Goodreads: Amanda (Books, Life and Everything Nice)

Facebook: @BooksLifeAndEverythingNice

Book Reviews

Love and Ruin by Paula McLain

IMG_4267

 

Love and Ruin by Paula McLain 

Published by Ballantine Books on May 1, 2018

Pages: 352

Genres: fiction, historical fiction

Rating: 4 stars

 

Synopsis: 

The bestselling author of The Paris Wife returns to the subject of Ernest Hemingway in a novel about his passionate, stormy marriage to Martha Gellhorn—a fiercely independent, ambitious young woman who would become one of the greatest war correspondents of the twentieth century

In 1937, twenty-eight-year-old Martha travels alone to Madrid to report on the atrocities of the Spanish Civil War and becomes drawn to the stories of ordinary people caught in devastating conflict. She also finds herself unexpectedly—and uncontrollably—falling in love with Hemingway, a man already on his way to becoming a legend. In the shadow of the impending Second World War, and set against the tumultuous backdrops of Madrid, Finland, China, Key West, and especially Cuba, where Martha and Ernest make their home, their relationship and professional careers ignite. But when Ernest publishes the biggest literary success of his career, For Whom the Bell Tolls, they are no longer equals, and Martha must make a choice: surrender to the confining demands of being a famous man’s wife or risk losing Ernest by forging a path as her own woman and writer. It is a dilemma that will force her to break his heart, and her own.

Review: 

I received this book for free through Goodreads Giveaways. As always, an honest review.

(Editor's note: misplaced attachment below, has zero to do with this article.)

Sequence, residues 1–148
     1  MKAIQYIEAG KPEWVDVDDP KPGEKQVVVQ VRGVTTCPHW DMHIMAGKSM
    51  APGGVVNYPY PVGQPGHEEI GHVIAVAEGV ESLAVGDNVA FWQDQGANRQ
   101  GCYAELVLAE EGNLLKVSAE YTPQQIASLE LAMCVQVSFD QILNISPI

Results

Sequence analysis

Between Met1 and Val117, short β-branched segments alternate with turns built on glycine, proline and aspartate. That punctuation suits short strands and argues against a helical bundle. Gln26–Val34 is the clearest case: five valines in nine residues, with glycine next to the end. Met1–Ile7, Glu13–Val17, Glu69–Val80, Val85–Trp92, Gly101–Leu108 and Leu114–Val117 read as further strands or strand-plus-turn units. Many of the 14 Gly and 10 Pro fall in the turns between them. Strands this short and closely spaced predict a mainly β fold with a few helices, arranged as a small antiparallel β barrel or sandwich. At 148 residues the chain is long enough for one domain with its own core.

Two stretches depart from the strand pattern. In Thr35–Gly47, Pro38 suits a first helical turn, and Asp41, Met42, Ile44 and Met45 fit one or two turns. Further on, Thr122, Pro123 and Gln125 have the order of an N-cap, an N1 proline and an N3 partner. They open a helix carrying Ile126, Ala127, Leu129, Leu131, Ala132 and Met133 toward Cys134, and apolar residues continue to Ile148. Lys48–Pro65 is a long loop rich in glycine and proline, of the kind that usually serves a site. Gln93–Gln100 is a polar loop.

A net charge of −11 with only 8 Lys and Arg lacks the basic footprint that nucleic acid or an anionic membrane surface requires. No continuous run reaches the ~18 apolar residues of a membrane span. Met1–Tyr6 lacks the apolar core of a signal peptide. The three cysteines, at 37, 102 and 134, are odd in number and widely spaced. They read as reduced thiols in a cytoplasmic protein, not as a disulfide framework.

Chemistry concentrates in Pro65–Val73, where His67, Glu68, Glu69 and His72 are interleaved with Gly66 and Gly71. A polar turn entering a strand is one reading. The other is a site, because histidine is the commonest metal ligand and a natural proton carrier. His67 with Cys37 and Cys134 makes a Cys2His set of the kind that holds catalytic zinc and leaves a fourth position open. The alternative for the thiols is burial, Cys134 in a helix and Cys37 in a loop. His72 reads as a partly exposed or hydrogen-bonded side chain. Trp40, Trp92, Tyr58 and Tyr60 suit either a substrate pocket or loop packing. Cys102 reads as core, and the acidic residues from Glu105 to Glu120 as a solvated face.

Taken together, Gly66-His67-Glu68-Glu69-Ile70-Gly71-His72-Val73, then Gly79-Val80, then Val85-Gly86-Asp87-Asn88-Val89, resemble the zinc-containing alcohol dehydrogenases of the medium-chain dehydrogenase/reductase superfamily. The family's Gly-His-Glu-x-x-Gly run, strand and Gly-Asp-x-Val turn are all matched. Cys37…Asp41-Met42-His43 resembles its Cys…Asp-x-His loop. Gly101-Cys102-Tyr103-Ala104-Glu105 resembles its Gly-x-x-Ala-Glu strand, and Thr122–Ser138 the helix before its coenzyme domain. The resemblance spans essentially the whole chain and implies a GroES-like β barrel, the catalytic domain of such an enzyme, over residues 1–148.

Love and Ruin centers around Martha Gellhorn, a spunky, ambitious, intelligent and confident journalist. She wants to travel the world in order to write about the significant events, especially the wars encompassing the world. The character of Martha is the fictionalized version of Martha Gellhorn, a real journalist during the 1930s and 40s. She was also the mistress and eventual wife of Ernest Hemingway.

The story is beautifully told. I really appreciated that the tale of these real life people was incredibly readable and not at all dull. The writing style flows well and makes for an easy seamless read that I absolutely flew through. The book portrays what it feels like to travel to a war zone to share the experiences with others through journalism. I truly felt as if I were hunkered down in the hotel, hearing the gunfire in the not so far away distance. The reader also understands Martha’s desperation to share these experiences with the world, do them justice, and continue pursuing her journalism career.

Love and Ruin also tells the love story of Ernest and Martha, starting with their affair. Obviously these events were loosely based on real life, but I didn’t really enjoy reading about their affair. Affairs in general have the potential to hurt a lot of people, so it’s not exactly my favorite topic. Her relationship with Ernest Hemingway, a world renowned author, brings up a lot of things to think about. These topics include why do women get compared to men’s work, but not the other way around? Why are women expected to change after marriage to suit their husbands, not mutual compromise? Topics that were relevant back then, and still now. I really enjoyed the character of Martha. She makes the story work.

 

Recommend to fans of: historical fiction, Ernest Hemingway, complex love stories, books that make you think 

Read with food: Scones and French press black coffee with a pinch of sugar

Scones are simple yet when baked perfectly are wonderful, just like the writing in this novel.

The coffee matches the intensity of the story with just a hint of sweetness throughout.